Mayor Bill de Blasio announced a series of measures Wednesday aimed at preserving the affordability of more than 3,000 rent-regulated lofts throughout New York City.
De Blasio, speaking at a news conference in Brooklyn, billed the proposals as an effort to protect thousands of artists and residents who occupy the open-space dwellings that often serve as both work studios and residences. The plan must be approved by the city’s Loft Board.
“I hear all the time from folks . . . in the entire cultural field that it’s harder and harder to live here and they have to think about whether they can hang on or not,” de Blasio said speaking from a ninth-floor loft in Williamsburg with views of the Manhattan skyline. “We don’t want to lose one of the most essential parts of New York City.”
The mayor said the number of buildings with rent-regulated lofts has dropped by nearly 30 percent since 2004. There are currently 342 buildings with rent-regulated lofts, down from 479 in 2004, according to figures provided by the city’s building department.
Under the mayor’s proposal, once a loft tenant accepts a buyout from their landlord, the city would make sure that future rent increases on the loft would be subject to rent regulations. Currently, once a buyout occurs, a landlord can immediately charge the next tenant market rate rent, city housing officials said.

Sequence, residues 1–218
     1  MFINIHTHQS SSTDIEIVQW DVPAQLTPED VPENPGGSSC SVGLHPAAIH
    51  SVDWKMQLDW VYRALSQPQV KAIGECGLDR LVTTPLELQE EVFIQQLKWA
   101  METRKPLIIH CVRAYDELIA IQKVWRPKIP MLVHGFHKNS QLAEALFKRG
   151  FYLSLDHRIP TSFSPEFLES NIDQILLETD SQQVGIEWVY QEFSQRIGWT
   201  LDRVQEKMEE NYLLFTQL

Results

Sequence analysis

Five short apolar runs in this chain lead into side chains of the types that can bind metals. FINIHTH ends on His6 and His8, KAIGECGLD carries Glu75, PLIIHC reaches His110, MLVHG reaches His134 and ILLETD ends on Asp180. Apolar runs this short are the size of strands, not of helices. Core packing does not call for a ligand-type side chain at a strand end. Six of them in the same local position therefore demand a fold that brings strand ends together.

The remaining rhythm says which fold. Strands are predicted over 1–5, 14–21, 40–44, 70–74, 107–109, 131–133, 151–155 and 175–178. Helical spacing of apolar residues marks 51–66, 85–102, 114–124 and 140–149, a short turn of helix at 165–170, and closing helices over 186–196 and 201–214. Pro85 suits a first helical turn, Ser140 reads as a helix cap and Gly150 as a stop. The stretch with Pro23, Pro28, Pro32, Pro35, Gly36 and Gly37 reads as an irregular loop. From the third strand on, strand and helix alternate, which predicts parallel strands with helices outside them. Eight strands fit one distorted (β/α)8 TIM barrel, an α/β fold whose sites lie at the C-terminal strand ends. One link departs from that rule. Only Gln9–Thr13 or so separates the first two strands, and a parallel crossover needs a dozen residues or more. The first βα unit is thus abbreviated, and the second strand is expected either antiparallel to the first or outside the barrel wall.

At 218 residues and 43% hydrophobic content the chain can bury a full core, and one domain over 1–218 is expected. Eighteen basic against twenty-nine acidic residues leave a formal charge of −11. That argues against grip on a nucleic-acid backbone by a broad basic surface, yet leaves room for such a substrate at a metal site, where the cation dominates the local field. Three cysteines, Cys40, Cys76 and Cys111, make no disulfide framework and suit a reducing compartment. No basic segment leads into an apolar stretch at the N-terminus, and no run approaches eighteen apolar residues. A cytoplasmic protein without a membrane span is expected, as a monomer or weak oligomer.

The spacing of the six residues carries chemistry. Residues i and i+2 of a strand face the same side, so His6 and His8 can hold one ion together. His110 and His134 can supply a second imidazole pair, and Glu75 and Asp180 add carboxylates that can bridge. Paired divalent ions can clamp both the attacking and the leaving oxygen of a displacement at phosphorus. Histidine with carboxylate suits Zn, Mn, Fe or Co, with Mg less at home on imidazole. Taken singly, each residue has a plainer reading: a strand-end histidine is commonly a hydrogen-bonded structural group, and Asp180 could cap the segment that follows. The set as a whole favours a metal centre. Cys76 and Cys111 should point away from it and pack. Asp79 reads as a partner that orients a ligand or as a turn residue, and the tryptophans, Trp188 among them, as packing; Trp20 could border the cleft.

The proposal also would expand tenant protections to all occupants of a loft, whether or not they are the loft’s primary leaseholder. De Blasio’s aides said such a move would give legal cover to family members living in the loft, allowing them to remain living in the unit once a primary leaseholder dies.
The plans must first be approved by the New York City Loft Board, a regulatory panel that includes two de Blasio appointees, two holdover appointees from the administration of former Mayor Michael Bloomberg, and two vacant seats. De Blasio said he expected the board to vote on the proposals by the end of the year.